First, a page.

Aram

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Rotor recommendation? Don't replace them.

 

My 2000RT hit the wear limit (4.5mm?) early on and I couldn't see any reason to replace them just because of a note in the manual from the people who sell rotors. They ran down below 3.5 over what I thought was fair mileage (maybe 100k miles) with no issues whatsoever. No pulsing, no heat discolouration, no worn pads falling out of the calipers, no lack of brake fluid in the reservoir, no lack of effective back brake (well, no more lack than there was from new).

 

Unless you've got a braking issue I'd be leaving them alone. I eventually replaced mine maybe six years ago with ones from Motobins (Galfers perhaps) only because I was feeling guilty and wanted to buy the bike a present over the winter. Unless the 1150 bikes are built to a lower standard than the 1100s (which I don't believe) I think they are the same around the rear brake.

 

So my recommendation is to save your money for something that will make a difference like a couple of sets of new tires for a good riding year.

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Well my view is different.

I have run rotors below the 4.5mm. Although it is not critical, there are risks and one of my discs had cracks appear between the holes drilled through the 'swept' surface of the disc.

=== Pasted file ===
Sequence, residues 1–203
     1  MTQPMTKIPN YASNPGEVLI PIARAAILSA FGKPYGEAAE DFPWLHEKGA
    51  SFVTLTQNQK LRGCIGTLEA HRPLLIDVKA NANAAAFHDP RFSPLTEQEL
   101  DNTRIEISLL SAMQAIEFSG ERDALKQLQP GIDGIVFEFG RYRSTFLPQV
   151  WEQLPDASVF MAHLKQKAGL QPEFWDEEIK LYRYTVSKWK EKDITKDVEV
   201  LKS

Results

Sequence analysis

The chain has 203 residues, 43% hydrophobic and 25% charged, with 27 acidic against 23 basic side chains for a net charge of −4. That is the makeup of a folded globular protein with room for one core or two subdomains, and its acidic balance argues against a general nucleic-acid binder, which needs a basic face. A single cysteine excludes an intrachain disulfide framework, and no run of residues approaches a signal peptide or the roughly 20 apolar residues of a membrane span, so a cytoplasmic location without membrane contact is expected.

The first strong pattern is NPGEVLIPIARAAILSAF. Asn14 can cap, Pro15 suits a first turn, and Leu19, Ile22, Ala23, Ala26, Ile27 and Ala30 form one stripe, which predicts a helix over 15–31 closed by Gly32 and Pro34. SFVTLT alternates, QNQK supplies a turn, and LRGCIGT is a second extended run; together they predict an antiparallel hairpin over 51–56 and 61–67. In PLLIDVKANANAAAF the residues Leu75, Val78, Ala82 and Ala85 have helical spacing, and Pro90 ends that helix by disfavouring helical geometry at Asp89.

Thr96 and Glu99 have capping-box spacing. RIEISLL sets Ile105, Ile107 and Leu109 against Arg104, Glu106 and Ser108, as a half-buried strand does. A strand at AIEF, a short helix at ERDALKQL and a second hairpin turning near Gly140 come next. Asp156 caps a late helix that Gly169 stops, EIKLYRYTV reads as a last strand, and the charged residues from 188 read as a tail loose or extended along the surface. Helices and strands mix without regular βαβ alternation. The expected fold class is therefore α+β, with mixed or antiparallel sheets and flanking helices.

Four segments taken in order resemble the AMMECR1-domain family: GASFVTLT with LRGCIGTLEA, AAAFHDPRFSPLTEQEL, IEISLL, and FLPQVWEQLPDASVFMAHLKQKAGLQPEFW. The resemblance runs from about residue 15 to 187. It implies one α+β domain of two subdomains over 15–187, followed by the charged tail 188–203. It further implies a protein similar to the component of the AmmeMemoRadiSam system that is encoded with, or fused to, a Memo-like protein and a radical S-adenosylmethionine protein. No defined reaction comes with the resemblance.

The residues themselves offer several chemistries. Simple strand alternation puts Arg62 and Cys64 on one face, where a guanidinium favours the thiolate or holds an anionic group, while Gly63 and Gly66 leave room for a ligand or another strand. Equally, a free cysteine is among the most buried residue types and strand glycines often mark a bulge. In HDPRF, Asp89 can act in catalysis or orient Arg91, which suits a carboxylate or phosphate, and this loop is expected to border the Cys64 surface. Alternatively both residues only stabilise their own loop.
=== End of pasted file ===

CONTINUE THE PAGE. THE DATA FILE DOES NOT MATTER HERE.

So, just keep your eyes open when you do your weekly maintenance/wash/whatever!

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Rotor recommendation? Don't replace them.

 

My 2000RT hit the wear limit (4.5mm?) early on and I couldn't see any reason to replace them just because of a note in the manual from the people who sell rotors. They ran down below 3.5 over what I thought was fair mileage (maybe 100k miles) with no issues whatsoever. No pulsing, no heat discolouration, no worn pads falling out of the calipers, no lack of brake fluid in the reservoir, no lack of effective back brake (well, no more lack than there was from new).

 

Unless you've got a braking issue I'd be leaving them alone. I eventually replaced mine maybe six years ago with ones from Motobins (Galfers perhaps) only because I was feeling guilty and wanted to buy the bike a present over the winter. Unless the 1150 bikes are built to a lower standard than the 1100s (which I don't believe) I think they are the same around the rear brake.

 

So my recommendation is to save your money for something that will make a difference like a couple of sets of new tires for a good riding year.

 

My mother thought she could safely disregard the discs on her Peugeot being below service limit.

She radically changed idea after one cracked. ;)

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I'll take the caution Boffin and go have a good look at both my old rear rotor, and both my fronts. It will be interesting and potentially frightening if I find any cracks. I've been thinking of replacing the fronts anyway as they are both thin, and coming up for their second set of buttons.

 

As for Peugeot components, none of them earned the best reputation here in Canada. Maybe it was the climate. Maybe they did better in Quebec.